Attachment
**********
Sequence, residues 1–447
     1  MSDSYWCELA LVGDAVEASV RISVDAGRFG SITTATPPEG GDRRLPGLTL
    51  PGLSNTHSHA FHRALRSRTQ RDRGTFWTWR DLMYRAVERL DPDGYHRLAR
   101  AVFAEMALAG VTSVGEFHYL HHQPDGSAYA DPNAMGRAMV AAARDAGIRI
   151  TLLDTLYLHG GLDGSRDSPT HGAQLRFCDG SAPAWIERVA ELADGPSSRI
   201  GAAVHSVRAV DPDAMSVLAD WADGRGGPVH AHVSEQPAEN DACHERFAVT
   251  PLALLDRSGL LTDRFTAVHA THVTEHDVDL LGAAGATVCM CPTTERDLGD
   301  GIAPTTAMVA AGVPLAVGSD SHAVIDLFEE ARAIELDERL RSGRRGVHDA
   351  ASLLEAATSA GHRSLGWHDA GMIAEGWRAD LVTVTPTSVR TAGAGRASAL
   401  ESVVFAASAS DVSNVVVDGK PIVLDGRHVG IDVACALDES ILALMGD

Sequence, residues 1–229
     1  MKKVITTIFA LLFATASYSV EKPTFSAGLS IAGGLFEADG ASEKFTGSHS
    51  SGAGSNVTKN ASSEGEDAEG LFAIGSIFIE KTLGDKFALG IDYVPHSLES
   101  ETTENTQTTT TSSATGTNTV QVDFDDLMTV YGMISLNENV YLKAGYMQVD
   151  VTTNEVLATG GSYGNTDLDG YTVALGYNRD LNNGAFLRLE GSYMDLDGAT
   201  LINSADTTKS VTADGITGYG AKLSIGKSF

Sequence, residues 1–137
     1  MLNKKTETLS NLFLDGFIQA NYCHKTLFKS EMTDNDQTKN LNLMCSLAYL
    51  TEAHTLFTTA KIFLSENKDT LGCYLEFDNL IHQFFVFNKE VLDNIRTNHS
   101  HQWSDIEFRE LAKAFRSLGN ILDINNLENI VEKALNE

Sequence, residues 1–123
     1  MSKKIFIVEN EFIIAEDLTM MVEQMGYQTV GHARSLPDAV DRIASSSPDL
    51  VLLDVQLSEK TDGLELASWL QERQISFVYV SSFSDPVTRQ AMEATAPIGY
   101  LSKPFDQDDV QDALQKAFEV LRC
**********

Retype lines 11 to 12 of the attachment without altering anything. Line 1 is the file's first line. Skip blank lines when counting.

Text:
Sequence, residues 1–229
     1  MKKVITTIFA LLFATASYSV EKPTFSAGLS IAGGLFEADG ASEKFTGSHS